When it rains, it pours…
This morning, I was searching for new and soon-to-be-released travel books on Amazon in order to present timely book reviews on this blog, and I came across Do Travel Writers Go to Hell?: A Swashbuckling Tale of High Adventures, Questionable Ethics, and Professional Hedonism by Thomas Kohnstamm. Perfect, I thought, not released yet. I can be one of the first to get it and review it. So I added it to my cart. I even clicked on the author’s name to see what else he had written. Several books, including some Lonely Planet guidebooks. OK, a credible writer, I suppose.
During lunch, I caught up on my blog reading, and I came across a new article by Eva Holland on Brave New Traveler about this book and its author. And just in time. Apparently, Mr. Kohnstamm fabricated several parts of his Lonely Planet Columbia guidebook. In fact, he never even went to Columbia! He acquired most of the information from a girl he was dating who had an internship at the Columbian consulate.
In addition, he plagiarized parts of the book, and he had accepted freebies at other times while on the road. Both of these are clear violations of Lonely Planet policy, but since plagiarism and fabricating books have been touchy issues lately (just ask Oprah), I’m curious what Lonely Planet will say about this.
To be honest, my first reaction was more irritation than anger, and despite the situation, I kept the book in my cart. But the more I read Eva’s article, especially this part:
Kohnstamm has done several things at once here:
1. seriously undermined the credibility of an enormous publishing house that - in my opinion, anyway - does some pretty good work in the world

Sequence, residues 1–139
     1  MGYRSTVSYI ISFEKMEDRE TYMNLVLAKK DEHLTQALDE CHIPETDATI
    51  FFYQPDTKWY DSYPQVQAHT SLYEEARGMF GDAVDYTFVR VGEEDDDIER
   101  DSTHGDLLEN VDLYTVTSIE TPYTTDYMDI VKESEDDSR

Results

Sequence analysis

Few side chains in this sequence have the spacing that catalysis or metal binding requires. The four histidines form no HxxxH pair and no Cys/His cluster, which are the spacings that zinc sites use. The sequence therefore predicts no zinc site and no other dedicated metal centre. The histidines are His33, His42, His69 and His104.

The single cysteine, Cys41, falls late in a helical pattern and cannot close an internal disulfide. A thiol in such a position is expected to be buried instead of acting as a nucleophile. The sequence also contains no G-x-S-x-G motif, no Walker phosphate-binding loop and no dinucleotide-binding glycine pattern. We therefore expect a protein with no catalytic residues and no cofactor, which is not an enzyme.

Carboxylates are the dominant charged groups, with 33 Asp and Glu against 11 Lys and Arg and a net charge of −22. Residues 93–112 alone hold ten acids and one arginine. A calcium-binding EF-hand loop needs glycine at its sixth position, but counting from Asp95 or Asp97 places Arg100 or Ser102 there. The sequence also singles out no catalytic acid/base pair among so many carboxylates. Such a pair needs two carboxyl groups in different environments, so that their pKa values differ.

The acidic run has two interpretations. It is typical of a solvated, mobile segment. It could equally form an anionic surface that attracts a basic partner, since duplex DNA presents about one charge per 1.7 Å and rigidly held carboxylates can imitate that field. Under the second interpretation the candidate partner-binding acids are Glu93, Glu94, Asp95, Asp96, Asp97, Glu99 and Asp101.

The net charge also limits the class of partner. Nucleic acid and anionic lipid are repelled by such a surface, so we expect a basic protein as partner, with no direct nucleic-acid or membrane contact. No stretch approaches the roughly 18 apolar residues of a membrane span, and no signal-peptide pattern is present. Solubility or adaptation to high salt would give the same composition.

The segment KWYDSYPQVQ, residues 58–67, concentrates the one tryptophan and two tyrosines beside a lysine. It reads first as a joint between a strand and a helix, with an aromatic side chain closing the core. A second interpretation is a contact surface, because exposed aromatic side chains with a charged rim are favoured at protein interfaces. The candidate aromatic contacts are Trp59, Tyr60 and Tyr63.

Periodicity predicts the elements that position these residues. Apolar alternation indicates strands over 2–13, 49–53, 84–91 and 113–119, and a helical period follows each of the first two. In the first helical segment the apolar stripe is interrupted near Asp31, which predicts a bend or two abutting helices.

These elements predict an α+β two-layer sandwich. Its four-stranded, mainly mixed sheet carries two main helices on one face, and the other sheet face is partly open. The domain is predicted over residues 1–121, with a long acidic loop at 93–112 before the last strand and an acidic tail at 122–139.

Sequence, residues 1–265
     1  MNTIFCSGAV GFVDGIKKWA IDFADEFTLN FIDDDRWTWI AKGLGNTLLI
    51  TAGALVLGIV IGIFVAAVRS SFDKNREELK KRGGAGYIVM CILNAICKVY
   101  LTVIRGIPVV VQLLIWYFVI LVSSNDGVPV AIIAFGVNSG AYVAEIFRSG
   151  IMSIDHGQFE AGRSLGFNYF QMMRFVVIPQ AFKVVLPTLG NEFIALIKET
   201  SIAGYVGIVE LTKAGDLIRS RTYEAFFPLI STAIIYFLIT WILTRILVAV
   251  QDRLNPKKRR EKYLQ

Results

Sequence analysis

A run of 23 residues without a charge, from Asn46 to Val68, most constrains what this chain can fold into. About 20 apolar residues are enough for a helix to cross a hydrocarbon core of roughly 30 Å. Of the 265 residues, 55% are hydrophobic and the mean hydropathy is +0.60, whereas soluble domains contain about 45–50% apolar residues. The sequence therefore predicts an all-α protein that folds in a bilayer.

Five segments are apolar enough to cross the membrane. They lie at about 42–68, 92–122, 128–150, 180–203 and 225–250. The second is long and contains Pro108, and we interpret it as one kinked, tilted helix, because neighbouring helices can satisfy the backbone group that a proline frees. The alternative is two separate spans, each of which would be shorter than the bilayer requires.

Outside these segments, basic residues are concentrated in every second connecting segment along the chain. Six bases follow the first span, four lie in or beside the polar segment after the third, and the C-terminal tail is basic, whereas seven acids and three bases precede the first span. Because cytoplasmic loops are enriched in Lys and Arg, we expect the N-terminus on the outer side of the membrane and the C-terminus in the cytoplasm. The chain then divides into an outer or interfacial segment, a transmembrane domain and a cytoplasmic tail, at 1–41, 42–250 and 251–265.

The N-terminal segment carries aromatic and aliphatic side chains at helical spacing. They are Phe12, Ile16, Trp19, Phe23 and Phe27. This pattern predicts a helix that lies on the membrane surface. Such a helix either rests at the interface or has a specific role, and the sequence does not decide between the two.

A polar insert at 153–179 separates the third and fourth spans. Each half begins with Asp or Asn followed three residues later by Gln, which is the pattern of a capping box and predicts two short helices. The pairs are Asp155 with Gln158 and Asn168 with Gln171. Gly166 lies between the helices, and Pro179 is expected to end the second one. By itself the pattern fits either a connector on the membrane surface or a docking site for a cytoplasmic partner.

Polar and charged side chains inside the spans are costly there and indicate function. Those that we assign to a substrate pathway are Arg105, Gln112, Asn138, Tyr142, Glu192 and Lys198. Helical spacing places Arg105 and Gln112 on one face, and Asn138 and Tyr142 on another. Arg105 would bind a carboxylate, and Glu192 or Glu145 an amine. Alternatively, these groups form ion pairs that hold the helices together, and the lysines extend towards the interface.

2. re-proven in the minds of many editors that travel writers as a group are not to be taken seriously - and hey, guess what, it doesn’t benefit any of us in the long run to be considered a bunch of plagiarizing hacks
3. taken opportunities away from other young writers who might have actually been willing to do the job they were paid for
4. and done it all deliberately, in the name of his own self-enrichment. Nice guy, right?
it began bothering me, a guidebook-writer-in-training who hopes to write at least one guidebook down the line. Frankly, I know guidebook writing is a sad gig to begin with: low pay, long hours, and not nearly enough time to enjoy the places you’re writing about. And after reading points #2 and #3, I dropped the book from my cart. Maybe I’ll wait to buy a used copy. Maybe I won’t bother to read it at all. After all, how can I know that this book isn’t just another fabrication as well?
To be honest, any bit of travel writing is subject to slight fabrications, alterations, and just honest mistakes. Sometimes notes are incomplete or misinterpreted. Most of my favorite travel writers recall dialogue I know can’t be a verbatim transcription or describe a scene in amazing detail I know must be an exaggeration. But most honest authors try their best to recall a scene as accurately as possible, or at least as true to the spirit of the moment. (At least I hope they do.)
Ironically, the only other book in my cart was The Open Road: The Global Journey of the Fourteenth Dalai Lama by Pico Iyer, perhaps the polar opposite of Mr. Kohnstamm. I recommend forgoing Do Travel Writers Go to Hell? and getting something—anything—by Pico. Or any decent travel writer. (More recommended authors to follow in upcoming posts.)
Damn, I really thought I’d be one of the first people to know about the book. Thanks to Eva for the news!
Here’s the Gadling post that Eva links to:
and the Reuters news article the above article links to:
and a few other relevant Gadling articles: